Table of contents
NON-WOOD FOREST PRODUCTS 17
This paper discusses some traditional and contemporary uses of fungi as food or in medicine. This material is presented for information only and does not imply endorsement by the author or by FAO. Use of these products is not recommended unless taken under the care and guidance of a qualified expert or physician. Reports of edible and poisonous species are based on named sources. The accuracy of this information lies with these original sources.
Transport of some fungi across international boundaries may pose a risk of accidental introduction of insects or other potentially destructive agents. It is recommended that anyone planning to move fungi across international boundaries check with appropriate authorities in the country from where the products are to be exported and the countries into which the products are to be imported for import perrmit requirements, phytosanitary certificates or restrictions that might apply.
Movement of certain fungi or other non-wood forest products across international boundaries may be subject to trade restrictions (both tariff and non-tariff). Appropriate authorities should be contacted prior to planned movement of any of these products across international boundaries. A review of trade restrictions affecting international trade in non-wood forest products may be found in:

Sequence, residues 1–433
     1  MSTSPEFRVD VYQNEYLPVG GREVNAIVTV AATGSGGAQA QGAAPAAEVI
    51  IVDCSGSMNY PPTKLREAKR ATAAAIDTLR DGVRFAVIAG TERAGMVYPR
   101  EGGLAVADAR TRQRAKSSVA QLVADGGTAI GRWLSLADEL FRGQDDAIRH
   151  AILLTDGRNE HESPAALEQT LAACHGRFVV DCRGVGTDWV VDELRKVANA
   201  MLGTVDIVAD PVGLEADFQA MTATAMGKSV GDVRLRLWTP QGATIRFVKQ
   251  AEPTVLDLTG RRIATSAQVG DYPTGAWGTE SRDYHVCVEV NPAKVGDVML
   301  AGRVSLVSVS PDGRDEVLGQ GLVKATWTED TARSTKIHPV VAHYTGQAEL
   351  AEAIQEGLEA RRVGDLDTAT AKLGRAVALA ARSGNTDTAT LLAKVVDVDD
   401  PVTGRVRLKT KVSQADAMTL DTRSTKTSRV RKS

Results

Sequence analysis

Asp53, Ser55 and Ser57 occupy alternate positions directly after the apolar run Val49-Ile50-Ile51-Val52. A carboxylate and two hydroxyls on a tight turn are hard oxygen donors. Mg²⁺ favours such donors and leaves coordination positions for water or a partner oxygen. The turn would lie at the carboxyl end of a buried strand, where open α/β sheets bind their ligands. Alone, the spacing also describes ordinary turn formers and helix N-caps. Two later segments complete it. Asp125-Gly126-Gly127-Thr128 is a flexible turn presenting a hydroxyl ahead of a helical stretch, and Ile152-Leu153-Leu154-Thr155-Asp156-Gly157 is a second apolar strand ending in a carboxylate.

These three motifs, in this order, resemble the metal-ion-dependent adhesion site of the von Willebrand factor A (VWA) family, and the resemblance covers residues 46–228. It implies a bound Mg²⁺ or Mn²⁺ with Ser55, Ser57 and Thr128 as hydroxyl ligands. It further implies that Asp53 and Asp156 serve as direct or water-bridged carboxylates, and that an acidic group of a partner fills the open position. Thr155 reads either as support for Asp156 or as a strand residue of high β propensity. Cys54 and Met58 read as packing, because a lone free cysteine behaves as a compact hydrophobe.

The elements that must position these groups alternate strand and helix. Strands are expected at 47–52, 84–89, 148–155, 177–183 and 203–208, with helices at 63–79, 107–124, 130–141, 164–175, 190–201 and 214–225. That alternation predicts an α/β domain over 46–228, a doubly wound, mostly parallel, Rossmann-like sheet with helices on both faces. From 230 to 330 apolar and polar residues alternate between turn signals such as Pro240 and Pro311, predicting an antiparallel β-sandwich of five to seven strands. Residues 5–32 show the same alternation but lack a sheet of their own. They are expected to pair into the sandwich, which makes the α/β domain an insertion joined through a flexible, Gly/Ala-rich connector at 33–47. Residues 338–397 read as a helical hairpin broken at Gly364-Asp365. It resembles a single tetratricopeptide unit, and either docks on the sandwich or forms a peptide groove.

FAO 1995. Trade restrictions affecting international trade in non-wood forest products, by M. Iqbal. Non-wood Forest Products, No. 8. Rome.
The designations employed and the presentation of material in this information product do not imply the expression of any opinion whatsoever on the part of the Food and Agriculture Organization of the United Nations concerning the legal or development status of any country, territory, city or area or of its authorities, or concerning the delimitation of its frontiers or boundaries.
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© FAO 2004
1 Introduction: setting the scene
PURPOSE AND STRUCTURE OF THE PUBLICATION
2 Characteristics: biology, ecology, uses, cultivation
3 Management: wild edible fungi, trees, forest users
MULTIPLE USE OF FORESTS: ISSUES AND CONFLICTS
COLLECTORS AND LOCAL PRACTICES
HARVESTING METHODS AND APPROACHES
4 Importance to people: food, income, trade
WILD EDIBLE FUNGI AND LIVELIHOODS
5 Realizing the potential: prospects, actions, opportunities
RESEARCH PRIORITIES: WILD EDIBLE FUNGI
COMMERCIALIZATION AND CULTIVATION
6 Sources of advice and information
FIELD GUIDES TO WILD (EDIBLE) FUNGI
INFORMATION ON MEDICINAL AND POISONOUS MUSHROOMS
ANNEX 1 Summary of the importance of wild edible fungi by region and country
ANNEX 2 Country records of wild useful fungi (edible, medicinal and other uses)
ANNEX 3 A global list of wild fungi used as food, said to be edible or with medicinal properties
ANNEX 5 Wild edible fungi sold in local markets